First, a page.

Clay Tempered Katana
Clay tempered Katana or accurately called differential hardened Katana – Clay tempering is a process of utilizing clay to insulate portions of the metal that should be softened; once the sword is quenched and heated, this will cool slowly.
Clay will be carefully administered with contrasting thickness to the blade and this will eventually be allowed to dry; it will be heated to an integral temperature then quenched usually in water.
This process allows the sword’s spine to cool down at a much slower pace compared to the cutting edge, creating two different metal structures where one is generally harder compared to the other.
Its compound mix is a secret clay recipe that every bladesmith has, and featured here is a list of key ingredients that are necessary to complete the mixture.
The process of clay tempering is an art, so clay tempered katanas are said to be more durable and resistant.
However, for the actual process to be truly effective when creating a strong and resistant clay tempered sword, the treatment should only be operated by a professional; plus, each type of steel should also be responsive to the various types of clay compositions.
Clay Tempered Katana for Sale
A clay tempered katana is customarily made from a carbon steel blade that is professionally and differentially covered with clay slurry to acquire a specific differential hardness along its blade.
Constant quenching and heating will allow the material to go through a couple of steel phases known to be advanced forms – hard and solid.
The method of heat quenching reveals the structure of the katana Hamon which is the pattern of the hardened edge; it is essential to make this clearly visible through polishing which is a process that comes later.
It is also vital to observe that the method of preparing the clay slurry and steel metal application is quite particular. The smith should have adequate knowledge of what proportions to utilize to be able to obtain certain elements of the weapon such as the katana hamon structure, the tang properties, as well as the blade curve.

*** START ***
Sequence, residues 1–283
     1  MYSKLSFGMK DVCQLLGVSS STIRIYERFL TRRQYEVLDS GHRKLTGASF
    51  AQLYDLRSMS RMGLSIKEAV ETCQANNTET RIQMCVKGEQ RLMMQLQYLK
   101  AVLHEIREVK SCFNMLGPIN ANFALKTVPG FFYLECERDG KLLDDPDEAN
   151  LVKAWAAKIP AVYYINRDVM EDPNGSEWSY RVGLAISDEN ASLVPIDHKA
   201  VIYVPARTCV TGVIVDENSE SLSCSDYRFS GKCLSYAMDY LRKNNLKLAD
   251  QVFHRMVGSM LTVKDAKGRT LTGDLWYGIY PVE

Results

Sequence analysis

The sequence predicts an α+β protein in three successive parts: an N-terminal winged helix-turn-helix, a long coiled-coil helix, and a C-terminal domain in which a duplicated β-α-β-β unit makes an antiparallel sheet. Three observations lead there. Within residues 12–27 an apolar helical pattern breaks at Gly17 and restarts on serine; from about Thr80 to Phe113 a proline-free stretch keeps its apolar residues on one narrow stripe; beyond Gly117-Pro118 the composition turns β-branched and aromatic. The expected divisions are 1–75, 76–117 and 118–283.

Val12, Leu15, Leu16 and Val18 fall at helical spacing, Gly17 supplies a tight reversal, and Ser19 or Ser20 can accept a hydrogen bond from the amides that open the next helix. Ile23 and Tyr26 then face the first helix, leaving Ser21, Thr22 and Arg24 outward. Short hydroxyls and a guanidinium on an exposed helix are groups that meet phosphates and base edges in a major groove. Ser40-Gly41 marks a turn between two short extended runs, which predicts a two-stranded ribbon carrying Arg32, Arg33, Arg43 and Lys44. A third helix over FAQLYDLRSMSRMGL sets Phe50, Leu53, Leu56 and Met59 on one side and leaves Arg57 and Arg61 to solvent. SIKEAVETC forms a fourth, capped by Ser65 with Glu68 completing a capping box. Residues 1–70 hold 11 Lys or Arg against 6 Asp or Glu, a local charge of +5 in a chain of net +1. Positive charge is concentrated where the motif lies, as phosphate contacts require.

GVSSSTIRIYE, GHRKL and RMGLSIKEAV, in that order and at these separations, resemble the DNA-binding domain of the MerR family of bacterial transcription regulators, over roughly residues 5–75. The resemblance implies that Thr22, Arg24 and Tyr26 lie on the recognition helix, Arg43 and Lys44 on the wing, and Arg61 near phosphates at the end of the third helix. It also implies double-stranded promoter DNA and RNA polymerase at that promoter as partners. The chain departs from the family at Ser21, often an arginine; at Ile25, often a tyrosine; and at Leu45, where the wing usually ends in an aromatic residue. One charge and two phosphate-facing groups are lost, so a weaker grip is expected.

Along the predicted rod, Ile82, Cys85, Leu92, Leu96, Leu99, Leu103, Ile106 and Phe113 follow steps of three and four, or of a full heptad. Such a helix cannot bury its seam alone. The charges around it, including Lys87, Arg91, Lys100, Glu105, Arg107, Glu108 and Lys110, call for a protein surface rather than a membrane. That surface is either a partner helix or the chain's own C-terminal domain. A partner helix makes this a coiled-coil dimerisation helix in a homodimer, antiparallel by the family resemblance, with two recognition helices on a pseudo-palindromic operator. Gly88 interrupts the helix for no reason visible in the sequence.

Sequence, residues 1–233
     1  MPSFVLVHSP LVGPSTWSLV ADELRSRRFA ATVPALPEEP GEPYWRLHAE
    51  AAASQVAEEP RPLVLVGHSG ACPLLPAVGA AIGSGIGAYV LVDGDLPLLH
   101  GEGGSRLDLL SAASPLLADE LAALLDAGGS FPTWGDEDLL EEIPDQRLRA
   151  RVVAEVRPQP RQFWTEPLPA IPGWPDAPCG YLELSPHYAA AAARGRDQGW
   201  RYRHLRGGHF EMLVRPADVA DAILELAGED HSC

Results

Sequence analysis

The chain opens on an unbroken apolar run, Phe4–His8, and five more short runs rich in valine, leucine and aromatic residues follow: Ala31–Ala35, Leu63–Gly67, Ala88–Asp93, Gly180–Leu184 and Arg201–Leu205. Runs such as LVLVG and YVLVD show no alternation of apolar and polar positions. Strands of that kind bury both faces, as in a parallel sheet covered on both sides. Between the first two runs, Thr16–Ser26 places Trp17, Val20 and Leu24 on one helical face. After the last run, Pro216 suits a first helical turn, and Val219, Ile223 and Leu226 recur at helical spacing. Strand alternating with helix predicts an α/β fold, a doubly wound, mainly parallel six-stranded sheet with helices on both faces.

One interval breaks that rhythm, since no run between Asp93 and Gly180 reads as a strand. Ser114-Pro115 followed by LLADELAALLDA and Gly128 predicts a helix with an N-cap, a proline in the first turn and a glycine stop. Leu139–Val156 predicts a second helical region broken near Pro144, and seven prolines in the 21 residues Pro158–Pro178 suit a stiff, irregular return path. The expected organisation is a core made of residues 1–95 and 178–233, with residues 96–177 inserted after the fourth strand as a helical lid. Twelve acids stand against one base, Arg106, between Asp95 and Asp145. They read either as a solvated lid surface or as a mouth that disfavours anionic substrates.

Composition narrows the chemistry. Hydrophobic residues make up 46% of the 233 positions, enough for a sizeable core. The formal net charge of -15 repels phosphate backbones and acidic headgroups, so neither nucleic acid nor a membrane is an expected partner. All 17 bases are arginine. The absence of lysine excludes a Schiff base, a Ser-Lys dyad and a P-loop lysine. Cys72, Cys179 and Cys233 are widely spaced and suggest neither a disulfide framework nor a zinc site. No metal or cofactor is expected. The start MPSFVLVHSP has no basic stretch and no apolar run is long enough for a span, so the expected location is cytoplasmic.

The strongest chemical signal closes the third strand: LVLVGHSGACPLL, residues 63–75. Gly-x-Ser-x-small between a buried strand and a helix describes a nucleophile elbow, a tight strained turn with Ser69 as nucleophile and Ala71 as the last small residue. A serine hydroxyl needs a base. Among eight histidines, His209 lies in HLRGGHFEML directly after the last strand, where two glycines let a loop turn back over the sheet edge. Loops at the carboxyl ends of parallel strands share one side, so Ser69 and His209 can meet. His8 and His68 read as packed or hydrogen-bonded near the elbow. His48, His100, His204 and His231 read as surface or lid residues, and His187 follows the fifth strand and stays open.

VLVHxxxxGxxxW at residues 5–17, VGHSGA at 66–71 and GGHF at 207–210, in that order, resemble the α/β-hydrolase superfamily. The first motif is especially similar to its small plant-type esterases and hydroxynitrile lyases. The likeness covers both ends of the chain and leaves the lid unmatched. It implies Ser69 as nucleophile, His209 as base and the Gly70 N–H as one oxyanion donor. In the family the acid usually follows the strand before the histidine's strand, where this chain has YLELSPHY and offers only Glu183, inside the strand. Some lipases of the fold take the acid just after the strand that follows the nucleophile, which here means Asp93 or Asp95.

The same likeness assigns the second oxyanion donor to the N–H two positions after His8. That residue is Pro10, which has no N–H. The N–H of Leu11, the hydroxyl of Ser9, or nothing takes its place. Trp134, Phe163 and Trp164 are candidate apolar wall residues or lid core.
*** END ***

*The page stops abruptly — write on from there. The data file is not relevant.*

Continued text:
One can also order the hardness, shape, as well as the katana hamon, then the smith will select the appropriate combination to achieve the best clay tempered steel.
The sword maker or smith starts by preparing the tamahagane which is a block of material made from several sheets of steel that feature varying carbon tenors.
The tamahagane is also acquired through a smelting process – welding and folding layers of carbon steel; this method allows the removal of impurities from the material, resulting in a cleaner steel block.
Characteristics of a Clay Tempered Katana
Listed below are the different characteristics of a clay tempered katana:
A clay tempered katana exhibits excellent durability that is inherited from high carbon steel; the lack of durability in a 1095 carbon steel or T10 steel is compensated by the process of clay tempering.
The clay tempered katana features a differential hardness and solidity due to the non-uniform dissemination of clay slurry; this provides a forgeable and flexible katana spine, as well as a hard and extremely sharp edge.
Clay tempered katanas usually have an edge with a hardness index of about 62HRC while its spine has a hardness index of about 45HRC.
Steel Material of the Clay Tempered Katana
An adequate type of steel for creating a clay tempered katana is the 1095 carbon steel or T10 Tool steel. The difference is in its clay mixture which is applied to each kind of steel and the swordsmith is the person designated to determine this combination.
Generally, several carbon steel layers that have differing carbon tenors are carefully folded to acquire a material that the smith will use to apply the clay coating process.
Advantage of Clay Tempered Blades
When the process of clay tempering is done thoroughly, it will achieve a blade that is flexible and ductile while simultaneously being supportive and strong; the blade will also have a harder cutting surface which helps keep an edge for a longer period.
This is considered as a hallmark of the katana since it produces a hamon or delineating pattern line along the blade’s length, it also separates the softer area from the harder portion.
Additionally, it is also believed that once a modern sword is not produced utilizing this treatment, a lot of sword manufacturers opt to include a fake one to better sell their weapons in the market.
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